Bulgaria Transport Min Summons Greek Envoy as Border Blockade Continues
Greece's Ambassador to Bulgaria has been informed by the country's Transport Ministry of its concerns over the situation at the common border, officials say.
Sofia is now calling on Athens to secure a passage for transit trucks, with Bulgarian PM Boyko Borisov having spoken to Greek counterpart Alexis Tsipras over the phone and urging him to "take measures".
This comes amid protests of Greek farmers over planned reforms to pensions legislation and to the distribution of subsidies which are to be suspended for a number of farmers.
By Tuesday morning, a 15-km-long queue was formed on the Bulgarian side of the border at the Kulata crossing. As of Tuesday evening, some trucks have been waiting for 28 hours.
"Strikes are strikes; however, domestic affairs [in Greece] should not violate [EU] freedom of movement," Bulgarian Foreign Minister Daniel Mitov has told journalists.
The Bulgarian Road Infrastucture Agency (RIA) has issued a statement advising drivers who are to travel to Greece in the coming days to plan their route "carefully", due to the blockade at Kulata-Promachon border crossing and the intermittent blockades set up elsewhere along the border. RIA has secured 12 chemical toilets at the abovementioned crossing to meet the needs of waiting drivers.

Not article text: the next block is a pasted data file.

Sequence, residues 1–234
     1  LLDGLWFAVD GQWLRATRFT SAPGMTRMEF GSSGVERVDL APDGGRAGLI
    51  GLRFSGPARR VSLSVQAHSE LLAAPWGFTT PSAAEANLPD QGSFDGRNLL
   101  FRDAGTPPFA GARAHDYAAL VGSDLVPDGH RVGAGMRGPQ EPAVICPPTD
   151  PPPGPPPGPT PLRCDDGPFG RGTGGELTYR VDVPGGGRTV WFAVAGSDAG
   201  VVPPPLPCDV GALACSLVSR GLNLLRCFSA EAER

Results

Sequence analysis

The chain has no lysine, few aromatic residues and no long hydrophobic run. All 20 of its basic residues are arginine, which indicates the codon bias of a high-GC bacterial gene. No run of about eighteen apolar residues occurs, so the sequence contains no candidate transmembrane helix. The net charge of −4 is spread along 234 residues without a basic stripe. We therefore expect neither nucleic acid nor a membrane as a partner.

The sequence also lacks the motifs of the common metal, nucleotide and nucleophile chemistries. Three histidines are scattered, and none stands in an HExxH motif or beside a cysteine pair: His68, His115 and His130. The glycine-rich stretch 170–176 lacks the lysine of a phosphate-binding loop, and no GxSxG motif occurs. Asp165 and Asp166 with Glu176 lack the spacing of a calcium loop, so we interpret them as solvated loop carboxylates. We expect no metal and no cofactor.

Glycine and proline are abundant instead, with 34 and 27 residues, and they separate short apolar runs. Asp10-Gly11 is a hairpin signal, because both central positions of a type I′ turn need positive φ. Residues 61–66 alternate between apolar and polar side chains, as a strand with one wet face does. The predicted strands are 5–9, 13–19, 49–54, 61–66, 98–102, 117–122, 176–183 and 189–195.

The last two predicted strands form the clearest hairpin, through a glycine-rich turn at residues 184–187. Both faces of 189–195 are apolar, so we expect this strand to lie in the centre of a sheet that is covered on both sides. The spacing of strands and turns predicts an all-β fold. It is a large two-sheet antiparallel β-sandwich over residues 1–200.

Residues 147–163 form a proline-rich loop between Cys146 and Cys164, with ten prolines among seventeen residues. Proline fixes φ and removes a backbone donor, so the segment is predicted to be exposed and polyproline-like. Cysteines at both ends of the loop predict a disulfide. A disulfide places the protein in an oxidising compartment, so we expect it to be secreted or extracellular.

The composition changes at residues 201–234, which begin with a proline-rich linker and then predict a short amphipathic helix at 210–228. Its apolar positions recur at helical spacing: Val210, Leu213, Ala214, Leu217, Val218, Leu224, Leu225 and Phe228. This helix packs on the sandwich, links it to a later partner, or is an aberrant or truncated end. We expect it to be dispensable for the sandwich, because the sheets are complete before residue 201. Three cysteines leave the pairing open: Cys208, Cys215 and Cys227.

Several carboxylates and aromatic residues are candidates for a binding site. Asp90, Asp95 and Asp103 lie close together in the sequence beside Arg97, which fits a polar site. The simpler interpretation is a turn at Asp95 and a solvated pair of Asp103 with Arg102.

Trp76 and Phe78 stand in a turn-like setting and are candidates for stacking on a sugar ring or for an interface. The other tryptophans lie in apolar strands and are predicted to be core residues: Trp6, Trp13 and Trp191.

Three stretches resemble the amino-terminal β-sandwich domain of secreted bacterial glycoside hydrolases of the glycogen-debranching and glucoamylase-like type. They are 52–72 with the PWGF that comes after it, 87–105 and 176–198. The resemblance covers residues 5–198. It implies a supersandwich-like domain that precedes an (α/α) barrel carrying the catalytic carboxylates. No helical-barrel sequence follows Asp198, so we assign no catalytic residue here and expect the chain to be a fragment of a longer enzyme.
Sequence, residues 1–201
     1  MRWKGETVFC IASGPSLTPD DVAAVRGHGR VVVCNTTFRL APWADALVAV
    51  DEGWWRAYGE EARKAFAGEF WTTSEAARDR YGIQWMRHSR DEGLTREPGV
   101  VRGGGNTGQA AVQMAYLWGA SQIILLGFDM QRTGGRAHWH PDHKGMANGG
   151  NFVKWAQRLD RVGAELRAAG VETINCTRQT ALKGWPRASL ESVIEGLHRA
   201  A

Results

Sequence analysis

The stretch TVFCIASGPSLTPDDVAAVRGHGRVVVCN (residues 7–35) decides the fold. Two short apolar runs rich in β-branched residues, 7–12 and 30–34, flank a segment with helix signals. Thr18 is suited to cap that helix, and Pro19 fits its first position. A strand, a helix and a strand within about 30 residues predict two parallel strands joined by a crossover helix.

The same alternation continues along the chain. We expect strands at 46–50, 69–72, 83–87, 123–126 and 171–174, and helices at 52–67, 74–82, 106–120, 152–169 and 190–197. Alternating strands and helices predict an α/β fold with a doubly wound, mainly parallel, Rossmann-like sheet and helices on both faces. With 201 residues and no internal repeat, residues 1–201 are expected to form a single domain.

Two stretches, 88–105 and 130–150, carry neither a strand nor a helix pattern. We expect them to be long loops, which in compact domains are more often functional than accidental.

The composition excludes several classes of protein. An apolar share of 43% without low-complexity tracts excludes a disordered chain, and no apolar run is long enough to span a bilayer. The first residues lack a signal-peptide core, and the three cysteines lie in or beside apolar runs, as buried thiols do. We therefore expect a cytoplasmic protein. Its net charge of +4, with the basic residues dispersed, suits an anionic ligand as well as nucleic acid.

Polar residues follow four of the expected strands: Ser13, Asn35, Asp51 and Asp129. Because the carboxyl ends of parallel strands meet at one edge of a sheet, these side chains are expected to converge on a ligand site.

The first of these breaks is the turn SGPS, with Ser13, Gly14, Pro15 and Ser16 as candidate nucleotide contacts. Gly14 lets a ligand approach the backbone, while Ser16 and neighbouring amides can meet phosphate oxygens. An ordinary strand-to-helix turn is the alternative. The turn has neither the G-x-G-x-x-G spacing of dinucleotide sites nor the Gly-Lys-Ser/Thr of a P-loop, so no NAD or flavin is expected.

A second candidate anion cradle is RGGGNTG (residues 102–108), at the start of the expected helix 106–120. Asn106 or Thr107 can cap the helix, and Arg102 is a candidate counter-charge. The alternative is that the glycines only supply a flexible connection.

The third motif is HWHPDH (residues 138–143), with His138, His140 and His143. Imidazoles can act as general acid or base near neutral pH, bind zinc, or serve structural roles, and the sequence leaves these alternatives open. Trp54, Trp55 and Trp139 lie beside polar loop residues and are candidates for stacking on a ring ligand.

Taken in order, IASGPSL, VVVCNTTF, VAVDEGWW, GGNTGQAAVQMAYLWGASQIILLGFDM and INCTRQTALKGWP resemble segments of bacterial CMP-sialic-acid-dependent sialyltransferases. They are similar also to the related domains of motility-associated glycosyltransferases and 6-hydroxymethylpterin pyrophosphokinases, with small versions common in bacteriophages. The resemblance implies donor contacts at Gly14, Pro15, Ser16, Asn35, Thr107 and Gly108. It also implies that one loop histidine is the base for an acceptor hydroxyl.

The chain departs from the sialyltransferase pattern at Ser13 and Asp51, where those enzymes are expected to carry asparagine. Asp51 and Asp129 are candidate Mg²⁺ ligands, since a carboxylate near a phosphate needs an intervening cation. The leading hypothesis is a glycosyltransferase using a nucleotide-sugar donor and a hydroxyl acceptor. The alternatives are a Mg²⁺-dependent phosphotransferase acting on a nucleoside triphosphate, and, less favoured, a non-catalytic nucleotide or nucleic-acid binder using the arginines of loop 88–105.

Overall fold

Blockades have been staged elsewhere along the border over the past few hours, with protesters at Ilinden-Exochi observing previously declared hours of the blockade. The current blockade, which began at 17:00, is due to continue until 22:00 local time (EET).
At the Makaza pass, Bulgarian-plated vehicles are not being let into and out of Greece at the moment, Bulgarian media report.
It is Kulata, however, where vehicles are facing the biggest problem, with farmers not abiding by the notices they are giving to the police beforehand on the timing of blockades. The latter detail has been communicated to H.E. Dimosthenis Stoidis, who has said the problem would not be solved before February 04 when a general strike has been scheduled.
Cars and trucks carrying medicine both ways are granted passage by the farmers through all checkpoints.
But Transit trucks carrying other goods are severely affected, with drivers, and also employer unions, complaining of substantial losses incurred, estimated at BGN 0.35 M a day according to a businesses representative.
The Bulgarian National Television reports that tour operators have canceled a number of travels to Greece.